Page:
Eric Powell, Marv Wolfman And Scott Christian Sava Talk Comics At GMX

Last weekend, at the Geek Media Expo, a creator Q&A session was held with Eric Powll (The Goon, [...]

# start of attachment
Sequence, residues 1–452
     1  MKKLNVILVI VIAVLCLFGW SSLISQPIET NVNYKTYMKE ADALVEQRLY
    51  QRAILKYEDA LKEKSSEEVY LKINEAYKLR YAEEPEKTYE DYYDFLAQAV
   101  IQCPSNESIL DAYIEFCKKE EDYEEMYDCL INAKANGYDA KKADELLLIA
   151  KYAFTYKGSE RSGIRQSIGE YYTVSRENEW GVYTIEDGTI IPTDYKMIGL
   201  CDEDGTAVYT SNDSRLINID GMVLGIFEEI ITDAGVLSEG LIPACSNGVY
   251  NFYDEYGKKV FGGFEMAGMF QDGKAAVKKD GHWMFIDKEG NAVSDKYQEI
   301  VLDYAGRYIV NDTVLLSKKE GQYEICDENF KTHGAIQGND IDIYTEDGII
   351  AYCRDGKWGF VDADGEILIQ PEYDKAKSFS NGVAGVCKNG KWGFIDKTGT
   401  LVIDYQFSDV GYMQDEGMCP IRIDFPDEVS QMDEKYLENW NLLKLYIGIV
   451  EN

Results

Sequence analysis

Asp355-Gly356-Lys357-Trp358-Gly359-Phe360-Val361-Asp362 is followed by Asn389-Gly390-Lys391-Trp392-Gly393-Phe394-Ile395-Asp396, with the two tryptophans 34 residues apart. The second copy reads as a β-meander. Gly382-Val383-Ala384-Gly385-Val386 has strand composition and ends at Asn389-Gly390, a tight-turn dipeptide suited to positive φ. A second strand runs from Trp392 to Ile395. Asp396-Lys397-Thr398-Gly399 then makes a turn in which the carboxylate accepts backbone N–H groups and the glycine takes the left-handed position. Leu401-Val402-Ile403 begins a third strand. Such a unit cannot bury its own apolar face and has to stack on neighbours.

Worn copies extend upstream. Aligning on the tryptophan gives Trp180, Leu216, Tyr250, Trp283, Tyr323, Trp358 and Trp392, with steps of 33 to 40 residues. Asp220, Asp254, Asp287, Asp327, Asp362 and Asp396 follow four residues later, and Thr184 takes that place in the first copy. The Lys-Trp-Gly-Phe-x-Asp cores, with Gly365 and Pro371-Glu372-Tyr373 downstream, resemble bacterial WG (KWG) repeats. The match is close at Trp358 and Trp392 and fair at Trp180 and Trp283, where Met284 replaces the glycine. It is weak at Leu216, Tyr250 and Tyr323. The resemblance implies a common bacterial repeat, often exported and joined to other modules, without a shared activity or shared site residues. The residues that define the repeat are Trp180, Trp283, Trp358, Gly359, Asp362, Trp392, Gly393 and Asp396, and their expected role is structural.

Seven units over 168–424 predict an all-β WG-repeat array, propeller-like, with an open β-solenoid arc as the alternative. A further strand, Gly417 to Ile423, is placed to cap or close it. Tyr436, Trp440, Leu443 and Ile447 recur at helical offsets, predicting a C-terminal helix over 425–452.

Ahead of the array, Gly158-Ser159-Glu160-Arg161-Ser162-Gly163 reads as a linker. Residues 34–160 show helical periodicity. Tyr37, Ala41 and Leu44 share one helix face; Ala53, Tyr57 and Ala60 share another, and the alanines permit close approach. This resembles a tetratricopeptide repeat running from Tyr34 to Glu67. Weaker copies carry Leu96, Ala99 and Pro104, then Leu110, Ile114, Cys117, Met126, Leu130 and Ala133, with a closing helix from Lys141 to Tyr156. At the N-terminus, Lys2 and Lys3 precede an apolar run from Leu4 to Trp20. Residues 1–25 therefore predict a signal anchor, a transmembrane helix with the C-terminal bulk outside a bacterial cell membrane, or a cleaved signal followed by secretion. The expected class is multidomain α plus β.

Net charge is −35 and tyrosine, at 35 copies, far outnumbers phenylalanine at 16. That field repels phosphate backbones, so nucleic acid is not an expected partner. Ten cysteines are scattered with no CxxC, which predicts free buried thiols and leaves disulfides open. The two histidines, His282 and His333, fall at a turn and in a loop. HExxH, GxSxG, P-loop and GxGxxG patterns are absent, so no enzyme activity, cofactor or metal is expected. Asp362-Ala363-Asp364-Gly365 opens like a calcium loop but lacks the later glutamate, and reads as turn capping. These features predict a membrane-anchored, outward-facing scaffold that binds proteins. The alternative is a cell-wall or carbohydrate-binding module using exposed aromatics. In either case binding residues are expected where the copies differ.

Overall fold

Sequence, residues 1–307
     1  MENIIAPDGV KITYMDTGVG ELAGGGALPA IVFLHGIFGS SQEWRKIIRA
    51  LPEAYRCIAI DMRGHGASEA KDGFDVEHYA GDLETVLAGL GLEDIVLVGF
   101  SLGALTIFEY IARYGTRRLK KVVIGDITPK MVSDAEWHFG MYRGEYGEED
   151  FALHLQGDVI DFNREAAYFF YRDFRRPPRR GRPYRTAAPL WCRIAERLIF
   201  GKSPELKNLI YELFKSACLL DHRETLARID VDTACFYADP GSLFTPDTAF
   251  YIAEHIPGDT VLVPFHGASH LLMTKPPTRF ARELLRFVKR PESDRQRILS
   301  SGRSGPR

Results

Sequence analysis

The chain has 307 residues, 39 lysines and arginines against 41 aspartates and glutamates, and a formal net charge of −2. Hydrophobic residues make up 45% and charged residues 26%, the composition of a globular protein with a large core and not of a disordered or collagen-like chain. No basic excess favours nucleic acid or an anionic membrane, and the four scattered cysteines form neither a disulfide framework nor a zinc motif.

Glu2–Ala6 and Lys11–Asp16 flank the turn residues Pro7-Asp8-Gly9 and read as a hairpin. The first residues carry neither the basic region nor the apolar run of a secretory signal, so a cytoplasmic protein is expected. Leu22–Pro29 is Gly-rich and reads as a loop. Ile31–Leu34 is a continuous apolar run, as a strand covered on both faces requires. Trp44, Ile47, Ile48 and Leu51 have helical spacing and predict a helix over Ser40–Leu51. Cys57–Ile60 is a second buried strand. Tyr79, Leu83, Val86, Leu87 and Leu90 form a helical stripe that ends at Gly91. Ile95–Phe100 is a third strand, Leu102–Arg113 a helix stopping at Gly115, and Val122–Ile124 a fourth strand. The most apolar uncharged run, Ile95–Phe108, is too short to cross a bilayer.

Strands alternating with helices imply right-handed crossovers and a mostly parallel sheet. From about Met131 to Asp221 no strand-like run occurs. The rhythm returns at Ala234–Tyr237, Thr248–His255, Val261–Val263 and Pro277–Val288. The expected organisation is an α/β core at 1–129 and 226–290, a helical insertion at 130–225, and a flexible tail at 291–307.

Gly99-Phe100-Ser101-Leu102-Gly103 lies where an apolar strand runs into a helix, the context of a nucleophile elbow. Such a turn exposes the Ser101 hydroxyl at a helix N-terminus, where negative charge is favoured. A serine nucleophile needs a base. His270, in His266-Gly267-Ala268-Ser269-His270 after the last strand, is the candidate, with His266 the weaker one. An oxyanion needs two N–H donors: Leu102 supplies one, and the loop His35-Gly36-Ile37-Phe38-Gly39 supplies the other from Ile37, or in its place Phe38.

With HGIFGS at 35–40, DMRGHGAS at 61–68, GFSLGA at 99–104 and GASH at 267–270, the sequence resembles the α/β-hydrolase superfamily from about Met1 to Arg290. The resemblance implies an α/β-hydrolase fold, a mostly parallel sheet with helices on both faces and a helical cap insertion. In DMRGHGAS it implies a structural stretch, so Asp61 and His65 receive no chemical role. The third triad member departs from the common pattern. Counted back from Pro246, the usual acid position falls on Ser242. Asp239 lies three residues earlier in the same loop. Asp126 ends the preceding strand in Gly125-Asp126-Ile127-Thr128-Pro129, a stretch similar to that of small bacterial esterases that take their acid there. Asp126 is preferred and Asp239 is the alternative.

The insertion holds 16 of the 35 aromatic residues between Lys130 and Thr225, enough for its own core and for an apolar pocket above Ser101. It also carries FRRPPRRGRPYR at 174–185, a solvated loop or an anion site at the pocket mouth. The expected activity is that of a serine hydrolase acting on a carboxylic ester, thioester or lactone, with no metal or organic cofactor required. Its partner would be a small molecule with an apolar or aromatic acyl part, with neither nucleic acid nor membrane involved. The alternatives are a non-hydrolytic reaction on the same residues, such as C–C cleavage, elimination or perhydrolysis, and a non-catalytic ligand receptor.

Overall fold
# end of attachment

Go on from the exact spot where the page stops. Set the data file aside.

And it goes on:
Last weekend, at the Geek Media Expo, a creator Q&A session was held with Eric Powll (The Goon, Chimichanga), Marv Wolfman (Tomb of Dracula, The New Teen Titans), and Scott Christian Sava (The Dreamland Chronicles, Spider-Man: Quality of Life) discussing the comics industry's past, present and future. A fan asked what each creator's favorite character they had created was. Marv Wolfman: "Its impossible to say when you've created a whole bunch that you like for different reasons...I can't go between 'Do I like Blade better than Bullseye, or Black Cat better than Raven, or Raven better than Nightwing, or Deathstroke or whatever else that I've done because they've all served different purposes. You can say what the most successful ones are, but that doesn't necessarily mean they're my favorite ones...its really hard to do that." Eric Powell: "You have to like something about a character or else you wouldn't put them in there. I guess my favorite would be The Goon, just because I was successful off of it, but also I like the Goon because I can have a silent panel and I'll know what's going on in his head right there. Its that kind of stuff that I like the character for. Also, I did an all ages comic called Chimichanga and I really like Lula in that for the exact opposite of the Goon, where the Goon is dark, brooding and everything and kind of a mean-spirited comic, Chimichanga is the opposite of that. Its this little girl and she's completely positive at all times, just a really spunky, sassy kid." Scott Christian Sava: "I think Nastajia, the elf princess...My original impetus for the story was 'what happened to Little Nemo when he grew up.' Did he meet up with the princess? Did they fall in love? So, I fashioned my princess, when I had to start thinking about her, on Dejah Thoris from John Carter of Mars. So she was strong, and she was powerful but when I started actually writing the story there was a good eight year period of time where he wasn't dreaming. He's coming back to this land and she thought he was dead. Then, all of a sudden, she just started to come to life on her own. Now, I have stacks and stacks of thank you letters from girls who love this strong, powerful, emotional and flawed character and she really came by accident, she become her own person and I had nothing to do with it. I'm proud of her because its almost like she's a self-made woman and I had nothing to do with that." Another fan asked why they chose to work in comics and not some other medium. Scott Christian Sava: "I grew up on comics, I think all of can say we grew up on comics, so that was the obvious choice. When I was doing animation, and your working in film, there's hundreds of people to tell one story and one thing I really like about comics is you have complete creative control, especially when you're self-publishing. Its a visual medium and there's literary merit to it, and if you do it independently there's no other hands in it, so you can look at it and say, for better or for worse, I did it all." Marv Wolfman: "I have no other discernible talents. It was either comic books or shovel stuff in the street (laughs). I love comics, I love telling stories visually. I started as an artist, and I actually have a degree in teaching art, and I realized that what I wanted to do was write stories for me to draw. Then I discovered that I was not that good of an artist. I couldn't get what was in my head onto paper, but everyone kept saying that my stories were really good, so I moved much more into the writing side and discovered that I had far more control over the final product. I just love telling stories that are visual and written at the same time." Eric Powell: "When I was a kid I was constantly drawing in notepads and writing little prose stories to go along with it. I was into comics and then became a teenager and I was 'too cool' for that kind of thing. I rediscovered comics in junior high and I was like 'wow, this is what I should be doing. This is what I'm doing now as a hobby.' From then on, that's all I wanted to do, just do my own stories. You don't have that kind of freedom doing anything else. A fan asked if the creators felt the industry was moving more towards small press. Eric Powell: "I think with Kickstarter and how easy it is to publish stuff nowadays, and digital becoming so prominent, I think the larger publishers of everything should take note because its definitely swinging that way." Marv Wolfman: "The Internet has leveled the playing field in that DC and Marvel and Archie and Dark Horse and IDW and any of the others don't have more space on the Internet than Joe Blow from Cleveland...What's going to happen is the DCs and Marvels, like most companies, are going to be concentrating on their major characters – and their great characters, I love writing those characters, so this is not a put down in the slightest. Individual people are going to concentrate on the kind of stories that they love, and that's why right now we're at the beginning of a new Golden Age for comics that's really based on quality and difference of vision. We're seeing more different types of comics today than ever before in the history of comics...We're going to see superhero stuff that gets kids involved...and then they can graduate to other stuff." Scott Christian Sava: "I say hogwash. I'm a doomsayer and I think comics are going down. I think Marvel and DC are shooting themselves in the foot by not bringing in newer audiences. Marv is right, ten year's ago, when I had my kids, I couldn't find any comics for them so I started writing one myself. Everyone who is serious about writing is trying deconstruct the superhero and they're writing for fanboys and I don't think, as a whole, that the industry is looking at it with any kind of direction. You have to appeal to woman, to children, to so many different genders, races, everything else that isn't being appealed to...I just don't think comics are appealing to a broad enough spectrum to stay alive, if it wasn't for the films." Eric Powell: "I ranted, and I continue to rant against DC and Marvel, not because of their product so much as the focus that the entire industry gives to them and doesn't focus on new product and new creators. No one goes and sees a film just because its made by Paramount, but comic shops will only stock books if they're published by Marvel and DC. I was really negative about it, but recently I've started to get more positive, and if I'm getting positive there must be something going on because I'm the most negative person I know (laughs). From when I started making comics, I'd say there's a 90% increase in women making comics, and I think if a demographic is making comics they're going to appeal to that demographic. You see a wider demographic at conventions now, and conventions are booming...I agree with what Will Eisner said, 'Comics will never die.' In some form, they're going to continue to be made because people like making them and people like reading them, even if it shrinks, there will still be comics in some form."